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How will the G20/OECD’s pillar one and pillar two project affect disputes?

Alison Lobb and Howard Osawa of Deloitte explore potential areas of controversy arising from the G20/OECD’s pillar one and pillar two project and considerations to manage disputes and potential double taxation.

The global tax reform project to address the tax challenges of the digitalisation of the economy has gained significant momentum in the past few months, with a high level political agreement of the G7, G20 and, at latest count, 132 countries of the OECD Inclusive Framework on BEPS.

The political agreement is, of necessity, high level, and many questions of detail (mainly technical, a few political) remain to be answered. The G20 and OECD Inclusive Framework have committed to October 2021 for addressing the remaining issues and preparing a detailed implementation plan.

In the meantime, the greatest level of detail, and the focus on tax dispute and prevention mechanisms, remains that published in the OECD ‘blueprints’, recognising that the proposals remain subject to change.

The OECD release of the pillar one and pillar two blueprints in October 2020 reflects a determination to:

  • Develop a framework to address the taxation of the digitalised economy with a reallocation of profits to market countries; and
  • Continue efforts to combat BEPS via the introduction of a global minimum tax regime.

The blueprints provide additional refinements to proposals to address aspects of these reform of the international tax system that may give rise to tax disputes and may represent the greatest administrative challenge for governments and tax authorities of the OECD Inclusive Framework members.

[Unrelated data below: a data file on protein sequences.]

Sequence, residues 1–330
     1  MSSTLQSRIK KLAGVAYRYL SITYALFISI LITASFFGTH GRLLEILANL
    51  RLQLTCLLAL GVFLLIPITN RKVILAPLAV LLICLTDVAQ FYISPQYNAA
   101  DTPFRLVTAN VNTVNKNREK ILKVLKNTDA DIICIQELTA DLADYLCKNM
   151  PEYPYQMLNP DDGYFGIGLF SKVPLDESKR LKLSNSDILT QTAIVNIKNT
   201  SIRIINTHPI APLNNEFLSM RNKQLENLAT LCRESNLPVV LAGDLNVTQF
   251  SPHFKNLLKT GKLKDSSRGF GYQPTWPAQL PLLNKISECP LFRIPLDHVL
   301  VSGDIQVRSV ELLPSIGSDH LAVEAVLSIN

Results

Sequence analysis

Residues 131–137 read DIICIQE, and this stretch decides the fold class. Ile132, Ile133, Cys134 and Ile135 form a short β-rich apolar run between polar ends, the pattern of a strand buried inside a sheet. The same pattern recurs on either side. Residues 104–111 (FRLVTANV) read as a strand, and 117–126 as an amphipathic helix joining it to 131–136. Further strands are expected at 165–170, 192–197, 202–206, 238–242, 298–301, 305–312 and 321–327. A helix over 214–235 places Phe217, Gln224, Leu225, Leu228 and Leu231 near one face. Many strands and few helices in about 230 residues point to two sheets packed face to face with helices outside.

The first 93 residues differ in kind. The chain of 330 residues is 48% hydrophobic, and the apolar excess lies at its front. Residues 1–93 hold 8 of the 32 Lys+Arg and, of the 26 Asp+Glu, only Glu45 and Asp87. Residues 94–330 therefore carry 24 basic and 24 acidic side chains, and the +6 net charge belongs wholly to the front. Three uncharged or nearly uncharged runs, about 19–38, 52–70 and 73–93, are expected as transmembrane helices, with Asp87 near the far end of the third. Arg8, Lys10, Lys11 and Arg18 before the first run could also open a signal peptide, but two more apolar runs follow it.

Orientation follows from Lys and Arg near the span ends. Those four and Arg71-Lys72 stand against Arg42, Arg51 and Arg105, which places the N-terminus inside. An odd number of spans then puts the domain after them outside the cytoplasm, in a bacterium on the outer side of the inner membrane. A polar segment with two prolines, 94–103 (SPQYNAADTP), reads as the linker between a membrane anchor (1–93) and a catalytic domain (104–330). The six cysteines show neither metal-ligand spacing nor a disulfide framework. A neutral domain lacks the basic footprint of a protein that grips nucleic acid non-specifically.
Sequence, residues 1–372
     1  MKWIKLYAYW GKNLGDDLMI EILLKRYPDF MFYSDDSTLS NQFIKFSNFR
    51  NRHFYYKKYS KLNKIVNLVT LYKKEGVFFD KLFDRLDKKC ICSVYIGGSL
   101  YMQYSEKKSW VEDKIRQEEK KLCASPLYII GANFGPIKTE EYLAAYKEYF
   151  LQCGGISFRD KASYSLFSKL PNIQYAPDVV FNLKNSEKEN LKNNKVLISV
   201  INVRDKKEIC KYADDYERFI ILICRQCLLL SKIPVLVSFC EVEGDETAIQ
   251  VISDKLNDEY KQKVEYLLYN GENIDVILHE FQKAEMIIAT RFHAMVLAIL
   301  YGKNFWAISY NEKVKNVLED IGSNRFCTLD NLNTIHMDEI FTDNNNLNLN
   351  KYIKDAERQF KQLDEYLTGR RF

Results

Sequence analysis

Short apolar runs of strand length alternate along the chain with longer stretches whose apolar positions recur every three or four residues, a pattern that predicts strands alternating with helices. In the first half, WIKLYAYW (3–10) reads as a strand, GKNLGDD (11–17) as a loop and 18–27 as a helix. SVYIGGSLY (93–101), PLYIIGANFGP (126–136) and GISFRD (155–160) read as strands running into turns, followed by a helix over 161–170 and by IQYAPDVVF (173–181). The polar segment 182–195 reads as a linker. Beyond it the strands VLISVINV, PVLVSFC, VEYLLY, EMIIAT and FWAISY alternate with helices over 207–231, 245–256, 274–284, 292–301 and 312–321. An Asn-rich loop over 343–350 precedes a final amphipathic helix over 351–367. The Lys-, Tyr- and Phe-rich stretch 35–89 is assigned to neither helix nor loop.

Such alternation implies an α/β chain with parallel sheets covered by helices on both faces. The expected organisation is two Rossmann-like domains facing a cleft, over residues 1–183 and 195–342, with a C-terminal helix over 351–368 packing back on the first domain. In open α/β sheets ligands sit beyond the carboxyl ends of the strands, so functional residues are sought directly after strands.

While the blueprints provide additional detail on the approach the OECD Inclusive Framework is taking to develop a universally acceptable framework for international taxation, there are still many areas that require further development and consideration prior to the issuance of the final recommendations.

Indeed, there has been already, at the timing of this article (July 2021), indication that there will be movements away from the recommendations of the blueprints with recent agreement by the G7, G20 and 132 members of the Inclusive Framework to simplify the applicable scope of the pillar one framework.

The ongoing work and the need to further develop and clarify the particular details of the pillar one and pillar two regimes adds another layer of complexity for businesses in their efforts to prepare for their adoption. The G20 as well as the 132 OECD Inclusive Framework countries committed to the challenging and ambitious timeline of implementation in 2023.

Acknowledging that the pillar one and pillar two frameworks will continue to change and evolve as technical work continues and the outcomes of political agreements become known, this article aims to highlight potential areas of dispute and dispute resolution mechanisms within the frameworks as they are presented in the blueprints.

The pillar one blueprint addresses and provides significant detail regarding the various elements needed to establish a global framework for taxation and allocation of profits to market countries, notably, details relating to scope, nexus, revenue sourcing, base determination, and profit allocation.

Given the broad scope of the proposals, and the significant changes that they represent, there remain areas that require further guidance to avoid controversy. Indeed, the pillar one blueprint acknowledges the complexity underlying the efforts to determine an equitable reallocation of income and taxing rights, and, as a result, provides guidance and proposals on how to potentially manage controversy to provide greater certainty to businesses.

While the proposals described in the pillar two blueprint can largely be considered prescriptive, there are still areas that may create challenges for many businesses. Such challenges may, for example, include the determination of jurisdictional effective tax rates, the coordination of the switch-over rule with treaty requirements, and for US multinationals, coordination with the various base-erosion measures enacted through the Tax Cuts and Jobs Act of 2017.